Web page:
The county needs to get the properties that have recently sold for over $600,000.00 and are accessed at $200,000.00 to be re accessed so they pay a fair property tax. MPAC was the worse thing to happen. The province needs to bring back local assessment personal that or even simpler when a property is sold then when the tax department gets the paper work concerning the sale, review the records of assessment on file and if the selling price is lower or higher then adjust the taxes. This is what is done when buying a car, too simple, oh wait did I just suggest something that makes sense in government.

  4. JB says:

    If the County can find $25 million to pay for County Road 49 because it’s a bit bumpy, then the County can figure out how to house our vulnerable County seniors with dignity and respect. If they need to raise our taxes for this noble cause, then fine by me.

  5. JennyD says:

    There’s no indication that the costs will not continue to soar, or that material will even be available by 2023. So, tax payors continue to pay consultants to explain the options of increasing debt. I say, just like many other projects, this needs to be put on the back burner until more investigation and a more prudent time for building. The means of cost do not justify the end user needs.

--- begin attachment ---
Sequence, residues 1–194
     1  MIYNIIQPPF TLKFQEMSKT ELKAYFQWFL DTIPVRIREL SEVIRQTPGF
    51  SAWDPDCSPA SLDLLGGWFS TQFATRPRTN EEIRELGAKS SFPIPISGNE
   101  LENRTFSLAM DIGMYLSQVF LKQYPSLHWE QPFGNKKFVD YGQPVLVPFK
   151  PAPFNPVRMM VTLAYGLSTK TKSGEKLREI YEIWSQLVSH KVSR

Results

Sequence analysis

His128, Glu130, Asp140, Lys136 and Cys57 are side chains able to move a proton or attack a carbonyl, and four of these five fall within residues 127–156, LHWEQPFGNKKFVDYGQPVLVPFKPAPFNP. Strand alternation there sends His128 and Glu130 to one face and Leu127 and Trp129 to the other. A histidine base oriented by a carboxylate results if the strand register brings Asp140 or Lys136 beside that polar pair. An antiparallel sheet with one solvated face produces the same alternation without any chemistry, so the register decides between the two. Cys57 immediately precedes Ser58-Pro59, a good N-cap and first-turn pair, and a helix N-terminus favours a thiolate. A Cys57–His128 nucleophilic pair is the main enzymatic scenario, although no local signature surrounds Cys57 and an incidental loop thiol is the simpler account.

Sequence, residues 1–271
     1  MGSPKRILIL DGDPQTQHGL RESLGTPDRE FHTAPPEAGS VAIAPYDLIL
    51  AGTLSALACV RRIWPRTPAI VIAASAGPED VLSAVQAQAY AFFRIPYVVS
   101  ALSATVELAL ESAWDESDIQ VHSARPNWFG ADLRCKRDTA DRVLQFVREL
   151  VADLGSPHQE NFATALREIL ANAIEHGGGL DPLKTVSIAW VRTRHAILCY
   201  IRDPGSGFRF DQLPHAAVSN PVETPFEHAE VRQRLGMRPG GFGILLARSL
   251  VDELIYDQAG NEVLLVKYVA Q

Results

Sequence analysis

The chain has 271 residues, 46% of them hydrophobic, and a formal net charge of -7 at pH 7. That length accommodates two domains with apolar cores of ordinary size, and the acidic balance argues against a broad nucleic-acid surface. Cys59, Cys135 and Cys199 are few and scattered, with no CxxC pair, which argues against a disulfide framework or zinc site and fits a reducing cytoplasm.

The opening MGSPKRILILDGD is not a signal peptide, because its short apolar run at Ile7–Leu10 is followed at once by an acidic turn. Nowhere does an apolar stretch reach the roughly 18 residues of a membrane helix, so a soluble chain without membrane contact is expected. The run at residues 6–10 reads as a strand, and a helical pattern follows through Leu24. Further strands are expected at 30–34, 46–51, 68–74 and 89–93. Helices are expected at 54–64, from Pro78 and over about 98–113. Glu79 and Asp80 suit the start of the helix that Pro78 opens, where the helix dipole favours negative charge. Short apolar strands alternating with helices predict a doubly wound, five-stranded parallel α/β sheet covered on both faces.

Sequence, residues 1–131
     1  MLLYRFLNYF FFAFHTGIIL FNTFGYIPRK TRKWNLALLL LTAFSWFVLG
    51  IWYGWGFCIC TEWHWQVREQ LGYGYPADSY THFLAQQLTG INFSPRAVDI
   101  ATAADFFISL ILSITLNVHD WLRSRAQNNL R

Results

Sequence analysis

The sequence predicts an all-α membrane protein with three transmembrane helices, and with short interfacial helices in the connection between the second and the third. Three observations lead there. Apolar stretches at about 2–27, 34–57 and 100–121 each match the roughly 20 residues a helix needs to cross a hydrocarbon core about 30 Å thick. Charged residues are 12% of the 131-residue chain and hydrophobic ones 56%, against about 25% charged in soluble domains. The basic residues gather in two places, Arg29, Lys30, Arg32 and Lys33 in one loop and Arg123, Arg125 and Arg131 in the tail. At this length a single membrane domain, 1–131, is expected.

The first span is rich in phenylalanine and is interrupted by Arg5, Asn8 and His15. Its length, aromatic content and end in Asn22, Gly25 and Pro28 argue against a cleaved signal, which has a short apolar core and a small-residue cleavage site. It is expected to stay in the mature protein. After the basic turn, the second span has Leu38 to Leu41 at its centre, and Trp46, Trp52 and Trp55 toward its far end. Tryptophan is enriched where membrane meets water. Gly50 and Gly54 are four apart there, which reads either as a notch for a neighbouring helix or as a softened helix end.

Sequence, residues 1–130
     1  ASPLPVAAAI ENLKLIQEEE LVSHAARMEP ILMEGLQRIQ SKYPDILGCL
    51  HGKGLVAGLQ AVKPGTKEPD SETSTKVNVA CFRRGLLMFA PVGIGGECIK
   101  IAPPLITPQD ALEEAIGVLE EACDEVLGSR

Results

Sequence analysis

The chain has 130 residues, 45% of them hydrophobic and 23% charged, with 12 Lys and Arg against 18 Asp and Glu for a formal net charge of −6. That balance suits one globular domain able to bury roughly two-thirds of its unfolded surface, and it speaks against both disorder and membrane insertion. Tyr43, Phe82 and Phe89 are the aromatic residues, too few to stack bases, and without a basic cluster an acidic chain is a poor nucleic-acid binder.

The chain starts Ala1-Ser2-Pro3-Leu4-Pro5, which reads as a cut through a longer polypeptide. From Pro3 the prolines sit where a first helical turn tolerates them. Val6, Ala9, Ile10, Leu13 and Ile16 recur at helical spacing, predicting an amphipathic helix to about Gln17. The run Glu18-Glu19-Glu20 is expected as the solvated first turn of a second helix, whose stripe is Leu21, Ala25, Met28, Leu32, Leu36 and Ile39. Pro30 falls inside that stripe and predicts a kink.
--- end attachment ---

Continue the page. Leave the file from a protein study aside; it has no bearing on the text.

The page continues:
6. Dennis Fox says:

    The funding of medical and LTC facilities is not a municipal responsibility. While I have and still will donate to our local hospital, I to it with the idea that upper levels of government will fund the lion’s share. But for a community such as ours, one whose population is shrinking yearly and aging, and one with very little business and industrial income – we cannot afford to fund a LTC home. Every level of government has known that “crunch time” for our healthcare system started about 20 years ago and did nothing – except to use healthcare funding to balance their budgets. The voters have got to press for change and to demand that proper funding be restored – and that tax dollars do not go into private facilities.

  7. Chuck says:

    Simply put, we cannot take on that kind of debt. Costs have gotten crazy out of control.